Posted on 23 Sep 2009
U.S. life insurers asked state regulators to loosen standards linked to souring residential mortgage investments as capital requirements surge.
Insurers are faced with "a major issue," the American Council of Life Insurers said in a proposal dated Sept. 10 and posted on the Web site of the National Association of Insurance Commissioners. The capital carriers must hold against the slumping assets jumped fivefold to $11 billion in the six months ended June 30, according the ACLI.
Insurers including Allstate Corp. and Hartford Financial Services Group Inc. won capital relief from state regulators earlier this year as investment declines weighed on results. The ACLI proposal is opposed by the Center for Economic Justice, a consumer group, which said the plan may reduce funds available for policyholders.
Regulators “have been doling out relief like lollipops in a barber shop,” said Birny Birnbaum, executive director at the Center for Economic Justice. “My sense is when the ACLI asks for something the regulators stand up and pay attention.”
Andy Mais, a spokesman for the New York Insurance Department, declined to comment. Scott Holeman of the NAIC didn’t return two phone calls and an e-mail.
The 24-stock KBW Insurance Index has declined about 11 percent in the 12 months ended yesterday. Northbrook, Illinois- based Allstate is down 32 percent over the same period and Hartford has slipped 53 percent.
Rely Less on Ratings
The ACLI plan would reduce regulators’ reliance on rating firms like Standard & Poor’s and Moody’s Investors Service when determining the capital needed to support residential mortgage- backed securities. In their place, insurers, which last year owned more than $145 billion of RMBS without government guarantees, want watchdogs to base their standards on estimates of how much securities may lose, according to the ACLI.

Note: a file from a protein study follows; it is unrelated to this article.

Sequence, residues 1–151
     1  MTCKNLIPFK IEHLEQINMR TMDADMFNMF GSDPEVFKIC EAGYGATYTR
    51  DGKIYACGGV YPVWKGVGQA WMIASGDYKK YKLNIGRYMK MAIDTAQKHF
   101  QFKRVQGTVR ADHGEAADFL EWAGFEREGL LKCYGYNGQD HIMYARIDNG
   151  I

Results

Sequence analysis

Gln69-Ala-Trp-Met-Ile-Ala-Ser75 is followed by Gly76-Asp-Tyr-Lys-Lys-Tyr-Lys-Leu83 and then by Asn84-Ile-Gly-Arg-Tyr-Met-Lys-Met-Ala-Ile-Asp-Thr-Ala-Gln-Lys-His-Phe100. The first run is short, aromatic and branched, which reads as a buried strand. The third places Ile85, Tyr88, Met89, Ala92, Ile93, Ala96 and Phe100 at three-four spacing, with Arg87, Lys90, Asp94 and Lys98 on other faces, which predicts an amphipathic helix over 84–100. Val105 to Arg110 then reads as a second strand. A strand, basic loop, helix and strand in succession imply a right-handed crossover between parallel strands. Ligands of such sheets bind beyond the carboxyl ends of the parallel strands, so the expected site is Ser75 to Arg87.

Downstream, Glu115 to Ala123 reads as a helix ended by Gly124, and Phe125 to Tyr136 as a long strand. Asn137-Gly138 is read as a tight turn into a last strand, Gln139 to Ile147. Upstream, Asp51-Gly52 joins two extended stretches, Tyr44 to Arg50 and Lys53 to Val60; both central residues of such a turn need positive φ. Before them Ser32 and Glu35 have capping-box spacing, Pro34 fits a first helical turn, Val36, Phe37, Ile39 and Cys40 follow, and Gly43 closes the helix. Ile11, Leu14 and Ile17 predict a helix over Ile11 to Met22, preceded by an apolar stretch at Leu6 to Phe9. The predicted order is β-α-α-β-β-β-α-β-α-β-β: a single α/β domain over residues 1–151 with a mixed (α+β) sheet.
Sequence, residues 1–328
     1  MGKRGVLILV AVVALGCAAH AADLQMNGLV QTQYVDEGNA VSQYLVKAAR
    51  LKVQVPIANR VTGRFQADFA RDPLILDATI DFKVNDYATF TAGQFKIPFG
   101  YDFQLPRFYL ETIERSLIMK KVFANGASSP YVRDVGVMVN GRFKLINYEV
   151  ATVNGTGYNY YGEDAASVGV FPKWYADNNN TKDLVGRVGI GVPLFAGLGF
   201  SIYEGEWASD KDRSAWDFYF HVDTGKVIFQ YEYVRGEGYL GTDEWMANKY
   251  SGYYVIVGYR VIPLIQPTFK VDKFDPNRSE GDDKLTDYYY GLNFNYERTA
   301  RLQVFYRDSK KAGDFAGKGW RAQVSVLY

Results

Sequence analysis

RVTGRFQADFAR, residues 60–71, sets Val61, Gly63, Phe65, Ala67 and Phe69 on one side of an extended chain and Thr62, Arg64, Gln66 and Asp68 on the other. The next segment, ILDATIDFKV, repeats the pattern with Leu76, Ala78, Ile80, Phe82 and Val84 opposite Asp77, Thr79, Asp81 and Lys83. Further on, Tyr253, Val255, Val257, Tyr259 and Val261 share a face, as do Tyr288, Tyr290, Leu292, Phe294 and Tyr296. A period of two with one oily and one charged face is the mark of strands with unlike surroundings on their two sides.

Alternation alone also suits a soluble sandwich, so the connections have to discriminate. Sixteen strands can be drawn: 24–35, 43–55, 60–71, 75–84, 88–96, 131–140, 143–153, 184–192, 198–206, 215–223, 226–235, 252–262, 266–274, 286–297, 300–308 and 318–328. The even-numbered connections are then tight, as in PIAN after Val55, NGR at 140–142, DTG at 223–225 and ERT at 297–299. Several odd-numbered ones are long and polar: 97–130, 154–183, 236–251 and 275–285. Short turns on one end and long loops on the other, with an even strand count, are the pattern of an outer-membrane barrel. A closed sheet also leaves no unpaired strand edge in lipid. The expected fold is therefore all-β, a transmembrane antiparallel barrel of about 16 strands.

“This makes a lot of sense to me,” said Robert Haines, an analyst with CreditSights Inc. “This is not a perfect solution. But this is much more sophisticated and reflective of the true economics of the securities.”
The ACLI plan calls for the NAIC to hire “an independent third party” to predict RMBS losses.
Insurers that bought top-rated RMBS in recent years are faced with higher capital requirements as the housing slump prompted S&P, Moody’s and Fitch Ratings to downgrade the securities. State watchdogs are conducting a hearing tomorrow to assess their use of the rating firms. Birnbaum is scheduled to speak, as is Eric Steigerwalt, head of finance at MetLife Inc.’s U.S. business. Grace Osborn of S&P and Fitch’s Keith Buckley are also among the planned participants.
“As a result of the downgrades during the course of the year, this problem became self-evident,” said Joseph Celentano, senior vice president at Pacific Life Insurance Co., who is working on the ACLI proposal.
The NAIC voted down an $18 billion ACLI relief package in January that would have lowered capital requirements as industry stock declines made raising funds from investors more expensive. State watchdogs including Connecticut Insurance Commissioner Thomas Sullivan and Michael McRaith of Illinois extended relief to individual companies on a case-by-case basis.
Allstate, which posted its biggest loss as a publicly traded company last year, won accounting relief of $1.38 billion, according to the NAIC. Hartford, based in the Connecticut city of the same name, said it got a benefit of about $987 million.